School Board receives report on biannual youth risk behavior survey
Grand Forks School Board members received some eye-opening information on health-risk trends among middle and high school students in a presentation at their recent regular meeting.
Nearly one in five, or 19.7%, of Grand Forks high school students reported that they seriously considered attempting suicide during the 12 months before taking the Youth Risk Behavior Survey 2019. That's compared to 18.6% regionally and 18.8% statewide.
One in three high school students reported feeling sad or hopeless almost every day for two or more weeks in a row in the year before taking the survey. A total of 1,143 took the survey.
At 33%, the Grand Forks figure topped the regional average of 31.1% and the state average of 30.5%.
These were among several striking results of the survey that Sarah Shimek, character education and prevention coordinator for the school district, presented at the School Board meeting Monday, March 9.
Shimek outlined the trend data and findings of the survey, which was completed voluntarily by students in grades 6 through 12 in February 2019. The survey, developed by national school health organizations and the CDC, is given to students every other year. It’s designed to focus on behaviors related to the leading causes of death and disability among youth and young adults.
The survey is “a valid, thorough and ethical instrument” to assess trends in student behavior, Shimek told the board.
Middle school students took a 57-question survey; high school students took a 98-question survey, she said. Data from the high school survey was analyzed by Mark Winkelman of Winkelman Consulting, Fargo.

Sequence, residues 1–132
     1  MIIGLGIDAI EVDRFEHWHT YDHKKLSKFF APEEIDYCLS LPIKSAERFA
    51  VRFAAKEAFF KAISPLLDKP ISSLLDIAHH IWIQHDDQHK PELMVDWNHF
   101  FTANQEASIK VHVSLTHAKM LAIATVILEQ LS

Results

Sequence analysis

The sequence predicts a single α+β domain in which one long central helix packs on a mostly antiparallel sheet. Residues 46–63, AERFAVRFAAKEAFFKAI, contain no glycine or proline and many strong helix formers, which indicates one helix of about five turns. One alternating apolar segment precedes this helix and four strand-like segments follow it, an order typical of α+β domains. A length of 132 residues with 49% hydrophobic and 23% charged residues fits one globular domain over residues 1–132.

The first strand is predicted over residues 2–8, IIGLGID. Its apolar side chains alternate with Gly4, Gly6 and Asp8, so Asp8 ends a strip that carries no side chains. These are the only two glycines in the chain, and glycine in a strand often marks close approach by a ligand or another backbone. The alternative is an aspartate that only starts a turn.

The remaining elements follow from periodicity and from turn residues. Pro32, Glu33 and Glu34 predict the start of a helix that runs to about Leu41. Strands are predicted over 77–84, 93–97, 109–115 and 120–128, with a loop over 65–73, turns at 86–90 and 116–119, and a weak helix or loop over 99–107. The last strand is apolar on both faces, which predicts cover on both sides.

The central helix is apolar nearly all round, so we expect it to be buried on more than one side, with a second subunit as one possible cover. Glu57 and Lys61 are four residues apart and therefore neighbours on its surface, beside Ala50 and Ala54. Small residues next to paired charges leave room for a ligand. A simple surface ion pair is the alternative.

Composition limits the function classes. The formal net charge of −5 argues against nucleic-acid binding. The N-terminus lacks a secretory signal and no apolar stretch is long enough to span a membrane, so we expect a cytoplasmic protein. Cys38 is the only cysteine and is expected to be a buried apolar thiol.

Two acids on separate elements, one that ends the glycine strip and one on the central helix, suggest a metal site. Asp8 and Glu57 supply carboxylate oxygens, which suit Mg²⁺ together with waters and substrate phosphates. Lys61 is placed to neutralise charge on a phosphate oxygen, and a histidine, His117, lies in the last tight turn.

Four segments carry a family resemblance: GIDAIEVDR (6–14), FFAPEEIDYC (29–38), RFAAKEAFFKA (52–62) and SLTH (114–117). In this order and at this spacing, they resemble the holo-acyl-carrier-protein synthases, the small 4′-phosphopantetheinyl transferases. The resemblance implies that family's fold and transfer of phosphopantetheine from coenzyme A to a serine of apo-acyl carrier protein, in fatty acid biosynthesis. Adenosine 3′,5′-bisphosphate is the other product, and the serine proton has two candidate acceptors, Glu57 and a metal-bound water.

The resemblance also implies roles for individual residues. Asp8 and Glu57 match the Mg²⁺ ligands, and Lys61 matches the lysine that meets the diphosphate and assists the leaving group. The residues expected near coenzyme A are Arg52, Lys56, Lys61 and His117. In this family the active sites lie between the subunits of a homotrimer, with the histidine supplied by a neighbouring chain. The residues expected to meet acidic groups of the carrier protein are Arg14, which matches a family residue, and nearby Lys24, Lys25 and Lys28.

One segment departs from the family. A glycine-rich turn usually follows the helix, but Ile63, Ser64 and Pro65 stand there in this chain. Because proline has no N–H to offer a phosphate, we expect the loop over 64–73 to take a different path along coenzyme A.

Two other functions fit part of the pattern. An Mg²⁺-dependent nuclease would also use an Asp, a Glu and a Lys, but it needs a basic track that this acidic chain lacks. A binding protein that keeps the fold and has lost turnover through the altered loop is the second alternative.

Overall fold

The self-reporting survey measures behaviors that pose health risks that fall mainly into six categories: behavior that results in injuries and violence; alcohol, tobacco and other drug use; sexuality behaviors; dietary behaviors; physical activity; and sexual behaviors that result in HIV infection, other sexually transmitted diseases, and unintended pregnancies.
Survey results are used to evaluate the district’s programming, interventions, and supports that are available to students, said Superintendent Terry Brenner.
A total of 1,286 middle school students in the school district took the survey, Shimek said.
A total of 21.5% reported feeling sad or hopeless, almost every day for two or more weeks in a row – so much that they stopped doing some usual activities during the 12 months before taking the survey.
Eighteen percent reported that they have seriously thought about killing themselves, and 12.2% said they have made a plan about how they would possibly kill themselves. Both figures are lower than the regional and state figures.
A total of 7.7% said they had tried to kill themselves, compared to 7% in the region and 10.3% statewide.
About 4.5% of middle school students have tried alcohol before the age of 11, compared to nearly 5% regionally and 8.2% statewide, the survey revealed.
“The longer we can put off that age of inception, the better off our students will be,” Shimek said.
More than half, or 55.2%, of students have used marijuana by smoking it in a joint, bong, pipe or blunt, compared to 50.6% regionally and 73.5% statewide.
“The good news is traditional cigarette usage is going way down but electronic cigarette usage is increasing,” Shimek said.
Nearly 36% of students who reported having felt sad, empty, hopeless, angry or anxious said they would most likely talk with their parent or other adult family member about their feelings.
“I would like to see that figure higher,” Shimek said.
Regional data is based on results of surveys taken by students in the schools that make up the Red River Valley Education Cooperative: Cavalier, Central Valley, Drayton, Emerado, Finley-Sharon, Fordville-Lankin, Grafton, Grand Forks, Hatton, Hillsboro, Hope-Page, Larimore, Manvel, May-Port-CG, Midway, Minto, North Border, Northwood, Park River, St. Thomas, Thompson and Valley-Edinburg.